Listener 31 March, 2001.
Keywords Business & Finance; Macroeconomics & Money
As I write, there is vigorous debate about the current US economy downturn. In the jargon the question is whether it will be a V, U or L – the second half of each letter indicating a quick rebound a slow rebound, or a drawn out depression. It is noticeable that informed opinion is moving towards the more pessimistic end of the possibilities, although most commentators currently reckon on the U rather than the L.
Cyclical downturns are not the end of the world. Market economies have always experienced various cycles around a rising trend of economic growth. If one thinks of the economy as a giant servo-mechanism with feedback loops, then cycles are inherent. Every so often someone announces the death of the business cycles and that the economy will trend continuously upward forever and ever. Shortly after, the feedback mechanism cuts in, and down we go again. (Recall the panic in early 2000 when that happened to the New Zealand economy. Now we are in an upswing, and it is all forgotten – until the next time.)
The business cycle and economic growth are intricately linked. Certainly, as I show in my ‘In Stormy Seas’, that is the evidence for the ‘three year’ New Zealand cycles. (It generates quite different policy prescriptions from ‘the knowledge economy’ – but that is another topic). However the US long growth boom of the 1990s, and its following downturn, belong to another integrated mechanism described 60 years ago by one of my heroes, Joseph Schumpeter.
What Schumpeter would say, were he alive, would be something like this. Revolutionary electronic technologies have generated a remarkable growth boom as entreprenuers seized opportunities to invest and provide new products to businesses and consumers. But such technological innovation does not go on forever, even though many investors behave as if it does. Some firms make enormous profits – Microsoft, Intel, Cisco (which that makes the internet routers) – but many are not fundamentally profitable and depend upon shareholders and credit for funds, most of which will be eaten up in costs that fail to generate profits. ( Schumpeter would have delighted in junk bonds as a new mechanism for credit creation.)
The innovation stage of the upswing passes on to the credit creation stage. But credit created booms are not sustainable. Eventually the cash flow to some businesses are insufficient to service the debt and some begin to fall over. That adds to doubts about the viability of others – which are probably having cash flow problems to. The distrust begins to swell and investors move out of the market (as they have been doing with the NASDAQ (high technology) stocks in the US), while worried banks start to call in their loans.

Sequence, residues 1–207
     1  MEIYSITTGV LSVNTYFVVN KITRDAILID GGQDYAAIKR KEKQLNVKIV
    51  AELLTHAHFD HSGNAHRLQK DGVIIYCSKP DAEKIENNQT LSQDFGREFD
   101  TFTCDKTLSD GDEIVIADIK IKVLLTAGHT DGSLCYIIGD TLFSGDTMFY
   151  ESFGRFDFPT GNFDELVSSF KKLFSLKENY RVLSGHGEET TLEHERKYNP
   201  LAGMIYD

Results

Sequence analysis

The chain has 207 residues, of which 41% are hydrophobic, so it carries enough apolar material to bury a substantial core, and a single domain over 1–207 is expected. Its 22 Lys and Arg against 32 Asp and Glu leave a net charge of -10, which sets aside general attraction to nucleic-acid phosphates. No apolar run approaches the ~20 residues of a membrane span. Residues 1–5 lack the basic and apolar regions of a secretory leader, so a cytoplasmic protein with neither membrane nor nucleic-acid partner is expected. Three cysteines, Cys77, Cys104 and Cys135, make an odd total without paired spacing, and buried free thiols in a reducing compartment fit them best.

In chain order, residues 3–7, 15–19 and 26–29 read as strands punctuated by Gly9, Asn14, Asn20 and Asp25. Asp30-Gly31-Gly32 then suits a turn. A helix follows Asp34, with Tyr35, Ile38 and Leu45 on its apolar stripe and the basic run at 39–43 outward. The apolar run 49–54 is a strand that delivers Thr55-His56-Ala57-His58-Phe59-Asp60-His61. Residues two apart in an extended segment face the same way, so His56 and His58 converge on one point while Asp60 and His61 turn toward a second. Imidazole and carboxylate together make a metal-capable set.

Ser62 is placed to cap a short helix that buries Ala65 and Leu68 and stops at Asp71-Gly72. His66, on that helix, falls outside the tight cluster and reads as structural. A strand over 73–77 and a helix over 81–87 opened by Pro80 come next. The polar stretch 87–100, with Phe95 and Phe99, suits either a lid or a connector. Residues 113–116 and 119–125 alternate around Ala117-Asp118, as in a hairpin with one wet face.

By now the boom is looking soggy, and the downswing begins. A major factor in the severity of its contraction is the balance sheets of the core commercial institutions. If they carry too much worthless advances and useless other assets, they may write off all their shareholders equity and still owe some. Technically they become bankrupt, although as we have seen in Japan, it is possible to hide the negative net worth behind smokescreens for long periods. If too many become technically bankrupt and the government does not bail them out, then the downswing will be prolonged (the New Zealand experience of the late 1980s).
In the credit dominated phase there are a lot of incompetent business managers and worthless activities. Schumpeter sees the downswing as an integral part of the growth cycle, for inefficient and inept firms are cleaned out in a process he called ‘creative destruction’. Crucially, the bottom of each downswing is markedly higher than the previous one, because of the technological innovation, while the cleaning out provides a foundation for the next boom when a new technology comes along.
That does not tell us directly whether this downswing will be a V, U or L. But there is a clue in the financial position of the core firms. If too many have balance sheets which are not robust, then the more pessimistic outcome is likely. Of course there are many firms on the periphery in a dreadful state – at worst a pile of liabilities and no assets worth mentioning – but that happens in an entrepreneurial society all the time.
I do not know how robust are the core business balance sheets. If I had to guess I would begin by looking at a number of international telecommunications corporations, which have just spent a fortune leasing the third generation radio spectrum, often financed by junk bonds (whose high interests rates undermine the cash flow), and who must be having increasing doubts about the usefulness of their purchases in the immediate future.
Schumpeter thought this boom and bust inevitable, integral, and ultimately healthy. Even so, if his model proves right and there is a longish recession, or worse (the really gloomy talk about replicating the Japanese stagnation in the US), we will move from the extravagant glorification of the market system we have today, to a more realistic appraisal of its strengths and weaknesses. In the Schumpeterian view, the strengths are not inconsiderable.